Monday morning, autumn. 2018. There are things I do not know.
I do not know the collective noun for a group of ladybirds. I do not know that the world is 15 months away from a global pandemic, or that I am 5 months away from a cancer diagnosis.
What I do know, however, is that Mondays are supposed to be my writing day. This doesn’t always happen, but today, by some miracle, it does, and I reward myself with a walk after lunch. I scan the list of walks I want to do in the back of my Bullet Journal, and decide on St Mary’s Chapel.
Getting there is easy; it’s signposted at Forss on the A836, a 10-minute drive from Thurso. Park at the end of the lane, climb over the gate, and away I go. This rugged, lonely section of the north coast is magnificent. Crashing waves, eerie geos, boulder-strewn beaches, and sea and sky that stretch on endlessly. It’s easy to picture the Viking longboats that once descended on this unforgiving coastline, cutting through the volatile expanse of the North Sea as they headed towards the cliffs.
Inquisitive sheep watch me, nostrils twitching. I hold a hand out, call to them. One ewe advances until she decides I’m not worth the effort. I cut through a field, explore an abandoned building on the shore then cross a bridge over a fast-flowing stream. Here, the path climbs steeply, and the gurgling of the stream gives way to the roar of unseen waves against the cliffs. The path passes a small ruined croft house before reaching the chapel.
St Mary’s, unlike most Highland churches, has a separate nave and chancel. This design is similar to other early churches in Caithness, Orkney and Norway, which strongly suggests a Norse origin. It’s a tiny, plain and windowless building, making it hard to date effectively. Some say it dates from the 12th century, but a 9th century gravestone at nearby Reay implies there may have been a chapel at the site much earlier than this. The oldest date on a gravestone is 1692.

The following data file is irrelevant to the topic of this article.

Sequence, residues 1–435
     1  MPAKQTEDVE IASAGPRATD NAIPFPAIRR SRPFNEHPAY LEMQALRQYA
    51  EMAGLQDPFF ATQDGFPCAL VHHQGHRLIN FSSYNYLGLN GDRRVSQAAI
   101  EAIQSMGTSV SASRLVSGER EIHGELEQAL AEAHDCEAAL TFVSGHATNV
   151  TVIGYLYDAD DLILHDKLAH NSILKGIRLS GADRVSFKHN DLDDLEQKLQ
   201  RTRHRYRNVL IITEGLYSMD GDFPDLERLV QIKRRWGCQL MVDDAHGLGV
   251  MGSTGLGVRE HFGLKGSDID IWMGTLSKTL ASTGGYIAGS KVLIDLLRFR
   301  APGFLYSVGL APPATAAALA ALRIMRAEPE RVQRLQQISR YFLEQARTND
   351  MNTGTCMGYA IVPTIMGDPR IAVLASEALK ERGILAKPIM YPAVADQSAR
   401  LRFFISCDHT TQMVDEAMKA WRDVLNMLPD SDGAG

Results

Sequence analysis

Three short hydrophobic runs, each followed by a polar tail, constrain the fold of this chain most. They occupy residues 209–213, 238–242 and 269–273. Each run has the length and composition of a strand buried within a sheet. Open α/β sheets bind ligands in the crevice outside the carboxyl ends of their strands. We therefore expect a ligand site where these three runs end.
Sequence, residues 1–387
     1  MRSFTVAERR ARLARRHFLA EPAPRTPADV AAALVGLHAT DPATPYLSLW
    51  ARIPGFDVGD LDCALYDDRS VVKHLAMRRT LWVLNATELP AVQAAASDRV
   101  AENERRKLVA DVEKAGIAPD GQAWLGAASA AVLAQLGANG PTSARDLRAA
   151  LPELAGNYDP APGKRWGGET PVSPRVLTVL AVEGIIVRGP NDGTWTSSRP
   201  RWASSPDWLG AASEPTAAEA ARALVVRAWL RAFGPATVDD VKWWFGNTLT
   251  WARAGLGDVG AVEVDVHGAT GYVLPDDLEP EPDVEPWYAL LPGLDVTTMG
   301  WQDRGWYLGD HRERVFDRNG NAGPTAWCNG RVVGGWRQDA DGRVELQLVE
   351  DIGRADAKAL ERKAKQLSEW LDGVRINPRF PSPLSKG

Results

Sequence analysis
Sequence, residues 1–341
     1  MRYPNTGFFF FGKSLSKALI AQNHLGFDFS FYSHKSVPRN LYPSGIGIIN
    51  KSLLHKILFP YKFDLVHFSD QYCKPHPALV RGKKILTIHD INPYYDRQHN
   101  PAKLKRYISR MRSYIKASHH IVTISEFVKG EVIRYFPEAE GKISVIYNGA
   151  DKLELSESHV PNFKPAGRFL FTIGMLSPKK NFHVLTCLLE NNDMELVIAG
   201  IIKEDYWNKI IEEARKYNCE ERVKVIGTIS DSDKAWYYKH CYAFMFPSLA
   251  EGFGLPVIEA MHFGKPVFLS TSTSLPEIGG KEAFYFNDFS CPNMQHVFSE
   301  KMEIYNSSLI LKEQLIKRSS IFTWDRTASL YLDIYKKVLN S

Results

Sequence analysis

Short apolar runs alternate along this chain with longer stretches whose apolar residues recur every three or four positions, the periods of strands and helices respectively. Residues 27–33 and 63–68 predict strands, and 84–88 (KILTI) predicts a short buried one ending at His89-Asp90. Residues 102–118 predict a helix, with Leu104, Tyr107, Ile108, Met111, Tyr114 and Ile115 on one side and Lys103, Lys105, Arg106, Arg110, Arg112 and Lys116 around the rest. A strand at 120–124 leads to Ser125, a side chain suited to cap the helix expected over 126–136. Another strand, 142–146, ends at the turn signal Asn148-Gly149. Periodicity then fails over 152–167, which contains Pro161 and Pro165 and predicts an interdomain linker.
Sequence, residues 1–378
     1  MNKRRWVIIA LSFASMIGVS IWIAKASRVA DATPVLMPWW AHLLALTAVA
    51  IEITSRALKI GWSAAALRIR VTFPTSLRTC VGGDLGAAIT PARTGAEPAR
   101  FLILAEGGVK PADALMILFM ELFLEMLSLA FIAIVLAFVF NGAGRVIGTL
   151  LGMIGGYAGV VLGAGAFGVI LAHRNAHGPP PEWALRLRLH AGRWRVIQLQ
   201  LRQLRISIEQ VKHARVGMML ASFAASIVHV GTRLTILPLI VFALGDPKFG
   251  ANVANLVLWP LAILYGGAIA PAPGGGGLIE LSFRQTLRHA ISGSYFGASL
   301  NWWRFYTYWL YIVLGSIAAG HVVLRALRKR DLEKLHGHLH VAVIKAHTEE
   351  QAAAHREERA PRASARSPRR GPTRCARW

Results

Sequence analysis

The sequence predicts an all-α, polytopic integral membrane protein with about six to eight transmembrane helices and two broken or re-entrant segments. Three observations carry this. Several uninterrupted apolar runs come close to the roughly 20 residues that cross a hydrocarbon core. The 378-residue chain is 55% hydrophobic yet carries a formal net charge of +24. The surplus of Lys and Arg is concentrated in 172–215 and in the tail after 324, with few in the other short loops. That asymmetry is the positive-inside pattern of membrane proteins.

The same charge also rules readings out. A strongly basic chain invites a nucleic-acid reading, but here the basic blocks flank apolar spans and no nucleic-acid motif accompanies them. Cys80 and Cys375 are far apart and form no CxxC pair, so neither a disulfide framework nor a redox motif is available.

As I approach the chapel I hear a rhythmic metallic sound, reminiscent of a church bell ringing. But it’s not the ghostly peal of a long-gone church bell. Instead, a turbine in the wind farm behind the chapel has developed a ‘clink’ at a certain point in its rotation. A wind farm behind an ancient chapel makes the site feel less off the beaten track, but still, I feel that the small, three-turbine wind farm fits in well to this open, wild environment.
I stop and watch the slow turning blades, hypnotised by their steady rotation. I would never call them beautiful, but the towering masts inspire a sense of awe, different to the natural wonder around me, but fascinating all the same.
There was once a broch here – a tall drystone tower built perhaps 2000 years ago – long since succumbed to erosion, and behind the turbines is a 1960s US Submarine Communication Station. This is a spot our ancestors have used over the centuries, for whatever was important to them – faith, home, protection. And now, it’s being used for what’s important to us in the 21st century – renewable energy. A place is a sum of its parts, its history. I’m looking at a cross-section of Caithness life through the ages.